With that in mind, it seems logically coherent to say “The name of my church is The Church of Jesus Christ of Latter-day Saints… I’m a Mormon” and be in alignment with both the  scripture President Nelson is concerned about and the personal concerns I listed above. Doing so would honor the passage of scripture the prophet is concerned with, while also recognizing that one’s “Mormon-ness” is not quite the same as their membership in our church. 

It also means you could still call them the “Mormon Tabernacle Choir.” Which is reason enough to buy in. 


  1. Thanks for your thoughts on this, Taylor. Just to plug my own thoughts, I wrote about this several years ago and concluded both that as a believing member of the church I have an obligation to engage with Pres. Nelson’s words and that as a believing member of the church I have an obligation not to blindly agree. I think he misread the scripture (applying a presentist definition on “called”), that reading it with a presentist and literalist bent would prohibit us from using any nickname, and that there are practical reasons why we need the word “Mormon.” (And since then, I’ve read some scholarly works that try to respect Pres. Nelson’s preferences which led to tremendously awkward nomenclatures in truly excellent books.)

  2. I am happy to identify myself as a member of the Church of Jesus Christ of Latter-day Saints. The problem is that if one wants to have an actual conversation about any element of the faith beyond simply proclaiming identity, one needs an adjective.

  3. I quite like the distinction made in the OP, since I have struggled with this issue ever since President Nelson’s stern prohibition of the word “Mormon”–a term and identity that I had proudly embraced for more than 50 years, never dreaming that I was doing so at Satan’s bidding. It may be that President Nelson is much more spiritually attuned than I am, but I wonder if his literalistic preference is also connected to the fact that, unlike me, he was not an active member of the Church when he was growing up and he never served a full-time mission. That is so say, perhaps he never really thought of himself as a Mormon in his formative years. It makes sense to jettison “Mormon Church” as a nickname for the Church itself, but to try to erase the adjective “Mormon” from the people, our tradition, and our history seems to me like being ashamed of the Book of Mormon, the thing that most differentiates Latter-day Saints from the rest of Christianity. I am happy to use the full name of The Church of Jesus Christ of Latter-day Saints when I’m speaking of the Church as an institution (at least for the first mention), but I am also quite comfortable describing myself as a Mormon Christian, or in other words, a Christian who believes that the Book of Mormon is the word of God.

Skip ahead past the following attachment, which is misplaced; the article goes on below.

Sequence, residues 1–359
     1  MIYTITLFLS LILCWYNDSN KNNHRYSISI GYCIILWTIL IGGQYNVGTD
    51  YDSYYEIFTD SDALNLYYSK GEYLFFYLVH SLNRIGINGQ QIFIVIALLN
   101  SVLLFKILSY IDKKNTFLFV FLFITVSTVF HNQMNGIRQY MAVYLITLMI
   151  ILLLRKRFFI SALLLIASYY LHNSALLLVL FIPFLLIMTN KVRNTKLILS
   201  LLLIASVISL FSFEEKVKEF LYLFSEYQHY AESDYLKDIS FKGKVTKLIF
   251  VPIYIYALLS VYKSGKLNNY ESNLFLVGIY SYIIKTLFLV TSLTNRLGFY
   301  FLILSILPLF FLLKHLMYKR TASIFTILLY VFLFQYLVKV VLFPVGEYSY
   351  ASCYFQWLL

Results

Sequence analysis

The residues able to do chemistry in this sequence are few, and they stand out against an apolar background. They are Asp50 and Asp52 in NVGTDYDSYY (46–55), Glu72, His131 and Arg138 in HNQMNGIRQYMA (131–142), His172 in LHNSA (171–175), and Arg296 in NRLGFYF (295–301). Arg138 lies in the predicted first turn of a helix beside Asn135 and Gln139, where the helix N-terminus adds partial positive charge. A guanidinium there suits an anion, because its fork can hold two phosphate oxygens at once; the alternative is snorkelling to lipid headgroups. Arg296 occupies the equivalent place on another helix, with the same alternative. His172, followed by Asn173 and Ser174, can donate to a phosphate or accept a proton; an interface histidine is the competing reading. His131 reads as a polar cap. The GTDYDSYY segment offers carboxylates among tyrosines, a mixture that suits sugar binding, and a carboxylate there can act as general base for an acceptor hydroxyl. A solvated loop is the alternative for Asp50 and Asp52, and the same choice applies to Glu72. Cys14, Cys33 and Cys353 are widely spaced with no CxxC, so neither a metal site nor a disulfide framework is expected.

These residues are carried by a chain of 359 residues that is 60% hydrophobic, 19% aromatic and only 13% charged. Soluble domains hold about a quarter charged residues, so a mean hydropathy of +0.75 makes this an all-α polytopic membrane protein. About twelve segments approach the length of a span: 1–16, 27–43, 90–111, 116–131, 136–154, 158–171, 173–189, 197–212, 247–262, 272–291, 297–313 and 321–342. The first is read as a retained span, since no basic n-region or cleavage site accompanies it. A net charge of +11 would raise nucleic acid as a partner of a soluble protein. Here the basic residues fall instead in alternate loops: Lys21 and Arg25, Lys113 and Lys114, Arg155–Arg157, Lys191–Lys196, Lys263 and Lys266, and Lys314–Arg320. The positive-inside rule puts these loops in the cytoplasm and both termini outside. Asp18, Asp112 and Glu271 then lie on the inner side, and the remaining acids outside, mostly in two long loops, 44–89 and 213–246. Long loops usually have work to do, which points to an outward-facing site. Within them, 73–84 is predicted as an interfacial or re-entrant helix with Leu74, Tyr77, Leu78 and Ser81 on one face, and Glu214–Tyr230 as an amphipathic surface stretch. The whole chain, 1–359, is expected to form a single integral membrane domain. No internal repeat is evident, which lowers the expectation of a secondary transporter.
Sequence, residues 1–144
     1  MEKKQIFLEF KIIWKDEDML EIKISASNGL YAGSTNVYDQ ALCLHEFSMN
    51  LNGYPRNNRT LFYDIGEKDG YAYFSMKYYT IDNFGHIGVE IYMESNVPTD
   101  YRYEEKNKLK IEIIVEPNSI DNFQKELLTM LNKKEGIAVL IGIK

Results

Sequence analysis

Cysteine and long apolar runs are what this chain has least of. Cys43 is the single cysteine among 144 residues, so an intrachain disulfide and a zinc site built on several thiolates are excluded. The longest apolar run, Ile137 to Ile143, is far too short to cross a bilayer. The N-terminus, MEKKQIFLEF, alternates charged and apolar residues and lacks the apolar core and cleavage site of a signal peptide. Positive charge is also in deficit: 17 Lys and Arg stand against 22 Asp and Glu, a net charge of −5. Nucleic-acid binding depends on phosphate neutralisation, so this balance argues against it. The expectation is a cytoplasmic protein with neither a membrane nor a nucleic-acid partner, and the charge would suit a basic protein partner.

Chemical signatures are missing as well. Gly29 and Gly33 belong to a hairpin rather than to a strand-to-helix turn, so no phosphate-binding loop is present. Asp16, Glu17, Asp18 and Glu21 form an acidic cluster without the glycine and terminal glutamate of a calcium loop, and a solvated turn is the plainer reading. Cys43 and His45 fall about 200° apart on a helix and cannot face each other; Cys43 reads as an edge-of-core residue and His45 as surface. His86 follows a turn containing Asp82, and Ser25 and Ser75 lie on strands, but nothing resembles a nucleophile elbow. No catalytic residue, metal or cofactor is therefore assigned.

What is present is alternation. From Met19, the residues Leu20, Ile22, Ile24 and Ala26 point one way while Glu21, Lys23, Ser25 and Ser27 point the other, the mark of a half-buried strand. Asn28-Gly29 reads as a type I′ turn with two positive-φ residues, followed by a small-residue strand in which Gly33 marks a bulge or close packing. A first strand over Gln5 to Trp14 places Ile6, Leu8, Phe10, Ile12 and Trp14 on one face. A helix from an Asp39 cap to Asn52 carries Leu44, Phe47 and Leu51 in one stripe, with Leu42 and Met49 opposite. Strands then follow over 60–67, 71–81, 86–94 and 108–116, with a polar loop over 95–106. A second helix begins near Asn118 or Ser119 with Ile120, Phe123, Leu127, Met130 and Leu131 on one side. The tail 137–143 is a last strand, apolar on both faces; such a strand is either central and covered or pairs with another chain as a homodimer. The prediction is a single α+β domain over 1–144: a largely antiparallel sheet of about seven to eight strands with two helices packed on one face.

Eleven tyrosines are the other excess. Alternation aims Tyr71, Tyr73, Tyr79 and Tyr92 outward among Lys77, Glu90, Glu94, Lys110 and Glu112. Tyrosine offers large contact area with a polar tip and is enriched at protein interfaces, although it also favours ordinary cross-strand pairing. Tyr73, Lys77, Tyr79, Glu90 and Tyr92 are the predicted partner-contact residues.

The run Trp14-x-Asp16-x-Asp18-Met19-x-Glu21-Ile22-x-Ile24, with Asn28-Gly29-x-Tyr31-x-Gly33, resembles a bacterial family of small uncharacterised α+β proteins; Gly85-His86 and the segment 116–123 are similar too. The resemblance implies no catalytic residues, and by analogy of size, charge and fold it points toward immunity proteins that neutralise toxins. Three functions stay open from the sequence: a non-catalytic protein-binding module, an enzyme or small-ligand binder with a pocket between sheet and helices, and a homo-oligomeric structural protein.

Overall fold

4. Ardis E. Parshall says:

    A non-member historian for whom I prepared a manuscript a couple of weeks tried to be sensitive to this. Because his topic was conflict with Us and Them as actors on the Western frontier, he needed some sort of inconclusive term to represent Us. When he incorporated parts of his previous writings where he had earlier used “Mormon,” he replaced that with either the full name of the Church or with “Latter-day Saint” as either a noun or adjective. He was trying. But because he was discussing matters where individual members of the Church were acting, sometimes in contradiction to Church instruction, the effect was to create the illusion that the Church as an ecclesiastical organization was responsible for the sketchy actions of some of its individual members.

    This is one area where I have objected from the beginning to the blanket use of the formal name of the Church. I’ve seen too many times where that practice linked the Savior’s name, or seemingly made a general social relationship into a formal ecclesiastical involvement, when neither the Savior nor the Church would have endorsed the connection.

    And then there’s the irritation of perfect strangers jumping into social media conversations with no contribution other than to berate someone for using the word “Mormon.” They’ve turned Pres. Nelson’s preference into a club to beat up on others, whether those others are members of the Church or not. This is not good.

  5. Good thoughts Taylor, half baked or not, I tend to agree with you on both points. I think Nelson was not setting out to rebrand, just make what he saw as a necessary correction. And I also agree that culturally, we are still Mormons.

    I think where people are saying it was an attempt to rebrand was that about the same time he came out with a new logo, and renamed the MoTab into the TCATS. So, it really fit in with the rebranding idea. And maybe he did see rebranding as a side effect. Other people certainly saw it that way.

    My own half baked thought is that when we correct people who call us Mormon, that we come across as arrogant, insecure, or easily offended. Especially after the “Meet the Mormons” campaign we look strange correcting people. We were proudly calling ourselves Mormons, now suddenly we correct people that that is not the proper name of our church and what we want to be called is just too long to use in normal conversation. It is just a really weird switch. And I have observed other Mormons correcting people and they come across badly. Here people are using a term that we ourselves were using in an advertising campaign, and now we are correcting them that it isn’t what we wish to be called.